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on 30 July 2016
This book is very poorly written ... he is a GREAT fans of the exclamation mark!
However I might have coped better with that if the book itself did not annoy me so much. They seem to have done no basic research whether about alpacas themselves or the weather in Spain. They seemed extremely naive especially when buying their car or paying large sums of money to someone who they don't really know anything about their skills to do the required work when upgrading the house.
They had no idea how to look after the animals; but despite this kept on merrily increasing their menagerie. They obviously did not bother to train their dogs and panicked every time the slightest thing happened to any of the animals.
They are, in my view, lucky that no one was seriously hurt in some of the activities they did ... such as collecting wood in shorts and sandals.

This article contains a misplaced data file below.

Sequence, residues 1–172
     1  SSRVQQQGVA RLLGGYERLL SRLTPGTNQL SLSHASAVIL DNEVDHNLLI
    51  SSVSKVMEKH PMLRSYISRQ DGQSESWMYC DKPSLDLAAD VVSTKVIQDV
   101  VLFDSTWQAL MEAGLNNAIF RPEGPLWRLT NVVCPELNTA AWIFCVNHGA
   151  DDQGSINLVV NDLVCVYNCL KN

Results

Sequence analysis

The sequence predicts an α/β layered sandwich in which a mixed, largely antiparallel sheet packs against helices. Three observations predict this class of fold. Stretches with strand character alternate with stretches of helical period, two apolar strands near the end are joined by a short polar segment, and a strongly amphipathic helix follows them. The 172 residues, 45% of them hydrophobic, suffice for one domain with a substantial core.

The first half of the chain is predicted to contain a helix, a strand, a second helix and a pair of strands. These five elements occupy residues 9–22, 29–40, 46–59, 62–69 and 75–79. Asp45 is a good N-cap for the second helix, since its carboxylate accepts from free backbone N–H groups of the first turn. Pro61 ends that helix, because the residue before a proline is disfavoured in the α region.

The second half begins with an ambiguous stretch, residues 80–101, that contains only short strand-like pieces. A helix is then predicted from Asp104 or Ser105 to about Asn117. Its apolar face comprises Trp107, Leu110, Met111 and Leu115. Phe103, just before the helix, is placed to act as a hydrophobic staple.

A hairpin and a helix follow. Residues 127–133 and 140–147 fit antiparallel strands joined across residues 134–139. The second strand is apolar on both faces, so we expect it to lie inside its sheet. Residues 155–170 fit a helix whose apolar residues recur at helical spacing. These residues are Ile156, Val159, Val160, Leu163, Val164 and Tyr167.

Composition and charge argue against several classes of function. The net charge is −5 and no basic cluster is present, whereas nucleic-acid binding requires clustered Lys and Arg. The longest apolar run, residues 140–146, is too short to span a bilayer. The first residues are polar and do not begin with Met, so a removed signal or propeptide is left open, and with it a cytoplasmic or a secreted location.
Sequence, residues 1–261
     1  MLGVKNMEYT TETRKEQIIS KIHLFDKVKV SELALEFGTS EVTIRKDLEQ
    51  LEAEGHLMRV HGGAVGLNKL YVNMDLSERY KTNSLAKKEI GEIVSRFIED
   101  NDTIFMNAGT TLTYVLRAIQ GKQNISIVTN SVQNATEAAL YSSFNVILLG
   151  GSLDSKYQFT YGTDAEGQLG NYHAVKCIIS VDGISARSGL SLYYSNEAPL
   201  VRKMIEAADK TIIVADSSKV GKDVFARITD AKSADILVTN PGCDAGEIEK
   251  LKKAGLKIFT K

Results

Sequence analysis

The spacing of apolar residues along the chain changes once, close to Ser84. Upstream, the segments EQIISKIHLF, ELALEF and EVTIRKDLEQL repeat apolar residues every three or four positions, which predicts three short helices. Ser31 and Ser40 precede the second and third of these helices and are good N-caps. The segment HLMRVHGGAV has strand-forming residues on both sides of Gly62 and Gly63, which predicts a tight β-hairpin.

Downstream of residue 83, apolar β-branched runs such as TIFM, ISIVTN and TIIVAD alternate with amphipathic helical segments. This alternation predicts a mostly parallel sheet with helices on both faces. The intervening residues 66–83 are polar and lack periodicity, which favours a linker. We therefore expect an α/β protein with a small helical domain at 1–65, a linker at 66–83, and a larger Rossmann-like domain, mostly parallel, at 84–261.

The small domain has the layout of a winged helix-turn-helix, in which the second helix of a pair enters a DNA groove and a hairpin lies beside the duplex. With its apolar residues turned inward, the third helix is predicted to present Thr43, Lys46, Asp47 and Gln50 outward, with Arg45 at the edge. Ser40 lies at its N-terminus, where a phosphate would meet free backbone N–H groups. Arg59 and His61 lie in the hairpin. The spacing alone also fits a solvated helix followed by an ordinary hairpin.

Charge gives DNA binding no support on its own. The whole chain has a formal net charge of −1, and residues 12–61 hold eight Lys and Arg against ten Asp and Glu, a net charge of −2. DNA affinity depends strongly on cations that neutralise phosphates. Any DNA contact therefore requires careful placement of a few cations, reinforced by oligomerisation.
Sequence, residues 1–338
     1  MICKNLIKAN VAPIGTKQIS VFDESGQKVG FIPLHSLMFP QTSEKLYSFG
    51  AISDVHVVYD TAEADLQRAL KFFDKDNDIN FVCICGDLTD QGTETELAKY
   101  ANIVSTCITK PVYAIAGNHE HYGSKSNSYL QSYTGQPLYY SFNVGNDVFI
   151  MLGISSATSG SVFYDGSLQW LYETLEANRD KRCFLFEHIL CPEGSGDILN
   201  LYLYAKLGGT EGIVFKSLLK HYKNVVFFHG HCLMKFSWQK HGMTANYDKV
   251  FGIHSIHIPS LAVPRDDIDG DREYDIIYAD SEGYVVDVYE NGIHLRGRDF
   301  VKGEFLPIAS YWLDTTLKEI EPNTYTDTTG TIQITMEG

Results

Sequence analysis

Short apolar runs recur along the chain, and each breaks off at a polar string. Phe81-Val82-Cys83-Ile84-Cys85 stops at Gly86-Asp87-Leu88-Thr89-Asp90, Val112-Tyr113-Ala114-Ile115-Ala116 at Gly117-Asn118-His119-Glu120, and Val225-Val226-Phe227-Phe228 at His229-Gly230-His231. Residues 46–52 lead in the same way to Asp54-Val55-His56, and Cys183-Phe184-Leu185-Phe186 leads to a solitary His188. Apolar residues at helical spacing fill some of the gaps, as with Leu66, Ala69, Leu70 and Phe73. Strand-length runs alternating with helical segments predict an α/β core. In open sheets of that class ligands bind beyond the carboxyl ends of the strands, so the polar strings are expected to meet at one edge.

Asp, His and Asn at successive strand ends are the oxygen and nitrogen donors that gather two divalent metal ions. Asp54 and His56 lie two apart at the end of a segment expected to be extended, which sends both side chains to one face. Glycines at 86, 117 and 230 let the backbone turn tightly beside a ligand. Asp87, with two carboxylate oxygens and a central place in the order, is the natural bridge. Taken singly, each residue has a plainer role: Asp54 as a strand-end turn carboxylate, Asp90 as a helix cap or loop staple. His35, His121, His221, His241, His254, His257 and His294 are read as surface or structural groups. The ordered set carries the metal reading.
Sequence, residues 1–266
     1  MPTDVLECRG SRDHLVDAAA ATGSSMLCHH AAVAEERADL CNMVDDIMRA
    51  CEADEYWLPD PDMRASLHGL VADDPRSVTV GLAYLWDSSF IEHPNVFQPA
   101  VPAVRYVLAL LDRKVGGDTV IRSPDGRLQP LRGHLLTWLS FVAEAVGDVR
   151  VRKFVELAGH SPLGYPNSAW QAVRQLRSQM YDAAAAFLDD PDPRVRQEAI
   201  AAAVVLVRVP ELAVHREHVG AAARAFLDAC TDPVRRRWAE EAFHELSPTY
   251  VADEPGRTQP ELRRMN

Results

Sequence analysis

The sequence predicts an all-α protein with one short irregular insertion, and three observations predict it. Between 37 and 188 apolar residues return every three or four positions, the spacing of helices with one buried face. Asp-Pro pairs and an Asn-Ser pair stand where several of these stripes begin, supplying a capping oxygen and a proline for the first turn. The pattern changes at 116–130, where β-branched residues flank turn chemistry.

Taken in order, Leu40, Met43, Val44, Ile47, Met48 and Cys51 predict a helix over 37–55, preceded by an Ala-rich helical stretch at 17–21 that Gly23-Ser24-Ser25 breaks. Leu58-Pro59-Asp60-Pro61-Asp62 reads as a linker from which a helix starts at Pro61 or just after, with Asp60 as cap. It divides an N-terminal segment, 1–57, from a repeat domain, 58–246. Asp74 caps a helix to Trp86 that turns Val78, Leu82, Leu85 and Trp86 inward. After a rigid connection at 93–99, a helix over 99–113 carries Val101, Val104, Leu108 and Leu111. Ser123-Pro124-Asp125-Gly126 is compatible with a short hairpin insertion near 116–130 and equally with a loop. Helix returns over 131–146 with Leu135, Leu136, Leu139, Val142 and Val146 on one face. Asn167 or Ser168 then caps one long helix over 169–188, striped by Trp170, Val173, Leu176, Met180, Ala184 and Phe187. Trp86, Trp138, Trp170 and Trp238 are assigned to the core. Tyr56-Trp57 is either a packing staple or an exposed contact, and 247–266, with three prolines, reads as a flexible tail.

No wonder the local Spanish people thought they were 'loco'.

I read this book to the bitter end because I hate giving up on books but I could have just as easily given up after the chapter 5 as they were making me so cross with their unbelievable stupidity.
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on 3 January 2013
I bought this because it had been recommended to me by Victoria Tweed, and as you can see from my other reviews I am a great fan of hers.
She didn't disappoint.
The only criticism I have is that it could have been longer. I fell in love with all the animals and even thought at one point - before the spitting - that I would like an Alpaca.
Alan, let's have more!